Title: the rate of germination in Acacia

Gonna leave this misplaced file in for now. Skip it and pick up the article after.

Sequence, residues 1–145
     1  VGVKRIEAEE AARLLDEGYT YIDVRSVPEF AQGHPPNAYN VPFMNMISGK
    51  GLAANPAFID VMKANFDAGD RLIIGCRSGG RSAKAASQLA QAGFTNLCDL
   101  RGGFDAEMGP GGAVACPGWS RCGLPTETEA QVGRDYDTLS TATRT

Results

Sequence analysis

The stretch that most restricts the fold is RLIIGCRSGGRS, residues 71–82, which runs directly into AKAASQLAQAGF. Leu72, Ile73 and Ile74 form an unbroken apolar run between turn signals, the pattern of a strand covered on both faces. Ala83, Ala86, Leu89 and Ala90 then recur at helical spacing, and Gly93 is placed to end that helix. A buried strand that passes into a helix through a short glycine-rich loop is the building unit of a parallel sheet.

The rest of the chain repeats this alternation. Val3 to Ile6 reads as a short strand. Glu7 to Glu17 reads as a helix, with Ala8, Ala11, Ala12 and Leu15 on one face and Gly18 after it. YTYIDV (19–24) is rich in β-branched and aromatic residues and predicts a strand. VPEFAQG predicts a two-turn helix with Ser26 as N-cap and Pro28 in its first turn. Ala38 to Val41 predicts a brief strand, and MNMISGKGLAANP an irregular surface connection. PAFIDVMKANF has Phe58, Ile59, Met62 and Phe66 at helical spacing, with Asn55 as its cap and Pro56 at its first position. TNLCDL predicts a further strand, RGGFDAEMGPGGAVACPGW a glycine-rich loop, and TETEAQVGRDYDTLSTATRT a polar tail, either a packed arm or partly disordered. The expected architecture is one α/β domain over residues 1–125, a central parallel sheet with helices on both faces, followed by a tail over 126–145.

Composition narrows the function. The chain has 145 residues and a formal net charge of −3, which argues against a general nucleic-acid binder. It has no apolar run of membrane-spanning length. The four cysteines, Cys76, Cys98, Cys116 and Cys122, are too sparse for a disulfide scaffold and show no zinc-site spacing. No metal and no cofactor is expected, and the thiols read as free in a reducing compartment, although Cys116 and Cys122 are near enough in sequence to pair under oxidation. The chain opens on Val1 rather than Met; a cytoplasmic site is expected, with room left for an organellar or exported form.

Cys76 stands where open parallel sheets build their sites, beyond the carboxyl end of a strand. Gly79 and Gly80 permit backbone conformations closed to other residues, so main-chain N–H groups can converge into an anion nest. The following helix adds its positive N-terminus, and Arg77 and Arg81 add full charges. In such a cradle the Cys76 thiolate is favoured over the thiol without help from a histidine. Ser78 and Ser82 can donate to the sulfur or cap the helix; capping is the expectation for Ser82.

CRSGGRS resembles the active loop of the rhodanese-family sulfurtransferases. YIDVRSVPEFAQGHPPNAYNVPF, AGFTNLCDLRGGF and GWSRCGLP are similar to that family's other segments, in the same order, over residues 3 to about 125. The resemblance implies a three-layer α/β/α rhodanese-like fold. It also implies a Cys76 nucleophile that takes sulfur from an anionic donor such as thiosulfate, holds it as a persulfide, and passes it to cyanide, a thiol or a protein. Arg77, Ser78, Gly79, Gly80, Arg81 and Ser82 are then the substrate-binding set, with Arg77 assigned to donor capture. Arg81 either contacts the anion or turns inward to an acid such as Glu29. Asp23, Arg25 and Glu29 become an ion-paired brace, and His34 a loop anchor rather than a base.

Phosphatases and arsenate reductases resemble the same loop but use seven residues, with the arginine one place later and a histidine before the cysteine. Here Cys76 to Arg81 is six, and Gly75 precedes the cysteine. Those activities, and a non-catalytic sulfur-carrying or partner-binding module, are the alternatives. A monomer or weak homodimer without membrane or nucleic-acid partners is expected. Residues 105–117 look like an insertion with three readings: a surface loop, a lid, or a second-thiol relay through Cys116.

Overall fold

Title: Saline stress on seed germination Aim: to check the effect of saline on seed germination.Research question:  to what extent does different concentration of saline water effect the rate of germination in Acacia tortilis?Theory:                                               Salinity  Salt is naturally present in huge quantities below Australia’s vast surface. It has built up over many thousands of years through natural processes and native plants have adapted to cope with it. Many native woodland plants have deep roots and consume large amounts of water, preventing water from leaking through the soil and reaching the water table and salt deep underground. Until European farming practices arrived, the salt remained deep underground, well beneath the fertile topsoil from which plants draw their water and nutrients. But crops such as wheat and many others have shallow roots and consume much less water than native plants. The excess water leaks through the soil and eventually reaches the ground water below. Each successive rainfall then raised the water table bringing dissolved salt from deep underground to the surface. Once it reaches and the topsoil, plants can no longer grow and eventually die off. The surface water evaporates leaving large salt deposits. This has already, and is continuing to happen on a grand scale in Australia. These salt concentrations will take many generations to reduce. The problem does not only affect growing plants but also threatens to contaminate drinking water supplies and causes corrosion of buildings, roads, and underground pipes and cables. Altogether, the costs to individuals, communities and Australia’s economy are enormous.How water brings salt to the surfaceTo understand how the salinity crisis has arisen, consider a bucket with a layer of salt at the bottom, covered with pebbles and a layer of topsoil as illustrated. If the plants can consume all the water supplied to the bucket before it reaches the pebbles, the salt stays put at the bottom. If the plants are removed or replaced with others, which consume less water, but watering continues at the previous rate, the water will reach the pebbles and eventually, the bottom of the bucket. Each watering adds to the water collecting at the bottom, progressively raising the level. The salt layer will dissolve into this ‘groundwater’ and rise up with it. Eventually, the level of salty ‘groundwater’ will reach and contaminate the soil, killing all the plants. Once the soil has been contaminated, the salt is almost impossible to remove.fig: 1.Over-watering dissolves salt and raises it to the surface Hypothesis: increasing the concentration of NaCl (sodium chloride) will have the biggest decrease in the number of germinations compared to increasing the other salt concentrations.Null hypothesis: increasing the salt concentration will have no effect on the germination of seeds.Variables:  Dependent variable: Seed germination rateIndependent Variable: The salt solutions and salt concentration Apparatus: 201 gm.- Mung beans (dry) 12 Round takeaway container (lid optional) 2- Paper towels 1 -Cling wrap (~ 15 cm piece) 1 -Rubber band 1 -Packet of salt 13 Distilled water for salt solutions 1 -Measuring jug or beaker 1 -Plastic cup 1 -Eyedropper for adding salt solution 1 -Kitchen scales for measuring salt 1 -Tweezers (shared) 1 Magnifying glass (sharedSafety:You need goggles for the salt water splashing in your eyes, and gloves so you do not transfer bacteria to the seeds.Observation: At the end of the germination period, the germination percentage and germination speed for Acacia seeds subjected to salinity treatments were calculated using appendix equations:  Final germination percentage = 100 N n GP i × =  Germination speed = == n 1i t n GS  For data analyze, we used a completely randomized design (CRD) with 3 replicates per treatments. Comparisons of germination speed and germination percentage among different salinity treatments were made using 2-way analysis of variance (ANOVA).  When significant main effects existed, differences were tested by  DuncanObservation table : Salt Concentration Total beans germinated (out of 20) Comments Day 1 Day 2 Day 3 Day 4 Day 5 No water (Dry) 0 0 0 0 0 No change by day 5 Tap water 7 19 20 20 20 Sprouts are up to 5cm long by day 5 0% 5 18 20 20 20 Sprouts are up to 5cm long by day 5 0.25% 6 14 20 20 20 Sprouts are up to 5cm long by day 5 0.50% 2 7 20 20 20 Beans sprout but there is very little growth by day 5 0.75% 1 2 4 4 4 Bean coats split but little or no growth 1.0% 0 3 4 4 4 Bean coats split but no growth – dried out by day 5 1.50% 0 0 2 3 3 Beans coats split but no growth – dried out by day 5 3.5% 0 0 0 0 0 Beans drying out         Conclusion: 1. 0.25% Salinity – Day 1 Six beans have sprouted. Sprouts are approx. 3 to 6mm long. 2.0.25% Salinity – Day 3 All 20 beans have sprouted. Sprouts are approximately 10 to 35 mm long.3. 1.5% Salinity – Day 3 Beans look very dry – 3 of the bean’s coats have split but no sprouts have grown.   Suggestions and improvements:  Plants not seeds: You can do a variation on this project by watering plants with water with different concentrations of salt to see how salt water affects the growth of plants. As the coordinator of an elementary science fair, I’ve seen students do lots of plant watering experiments using different kinds of water, or liquids other than water. but I’ve never seen a salt experiment.Different types of seeds: Radish seeds sprout quickly, but many other types of crop seeds could work as well.Plant the seeds: You could do a longer variation of this project by planting some of the seeds that sprout and continuing to water them with the same salt concentration